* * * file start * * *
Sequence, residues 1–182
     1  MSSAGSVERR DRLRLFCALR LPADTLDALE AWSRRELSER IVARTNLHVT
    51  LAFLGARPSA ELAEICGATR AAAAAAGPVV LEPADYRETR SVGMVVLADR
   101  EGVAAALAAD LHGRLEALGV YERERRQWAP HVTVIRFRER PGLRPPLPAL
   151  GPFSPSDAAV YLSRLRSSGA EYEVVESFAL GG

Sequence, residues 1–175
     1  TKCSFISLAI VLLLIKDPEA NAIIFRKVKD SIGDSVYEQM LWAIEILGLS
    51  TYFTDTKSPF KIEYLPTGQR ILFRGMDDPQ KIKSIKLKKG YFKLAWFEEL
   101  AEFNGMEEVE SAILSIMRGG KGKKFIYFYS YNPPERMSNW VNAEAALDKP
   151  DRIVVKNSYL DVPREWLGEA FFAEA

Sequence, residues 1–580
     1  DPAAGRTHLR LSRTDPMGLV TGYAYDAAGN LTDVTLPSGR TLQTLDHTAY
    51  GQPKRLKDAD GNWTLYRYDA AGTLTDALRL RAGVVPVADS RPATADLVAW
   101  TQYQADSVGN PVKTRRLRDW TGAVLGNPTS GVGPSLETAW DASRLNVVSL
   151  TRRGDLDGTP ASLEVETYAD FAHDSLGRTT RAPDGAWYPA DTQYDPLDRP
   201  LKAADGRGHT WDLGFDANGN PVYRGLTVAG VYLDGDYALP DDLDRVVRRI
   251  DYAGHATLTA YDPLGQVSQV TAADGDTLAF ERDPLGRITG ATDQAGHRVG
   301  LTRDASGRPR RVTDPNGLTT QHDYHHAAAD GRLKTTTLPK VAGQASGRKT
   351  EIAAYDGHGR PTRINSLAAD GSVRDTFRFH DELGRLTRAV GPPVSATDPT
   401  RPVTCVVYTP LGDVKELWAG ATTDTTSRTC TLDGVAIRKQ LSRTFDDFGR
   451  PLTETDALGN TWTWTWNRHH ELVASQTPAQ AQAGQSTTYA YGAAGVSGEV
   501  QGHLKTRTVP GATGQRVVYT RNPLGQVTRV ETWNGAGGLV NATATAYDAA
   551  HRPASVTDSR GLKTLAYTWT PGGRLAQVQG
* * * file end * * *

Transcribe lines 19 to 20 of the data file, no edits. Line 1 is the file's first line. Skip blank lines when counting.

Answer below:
   351  EIAAYDGHGR PTRINSLAAD GSVRDTFRFH DELGRLTRAV GPPVSATDPT
   401  RPVTCVVYTP LGDVKELWAG ATTDTTSRTC TLDGVAIRKQ LSRTFDDFGR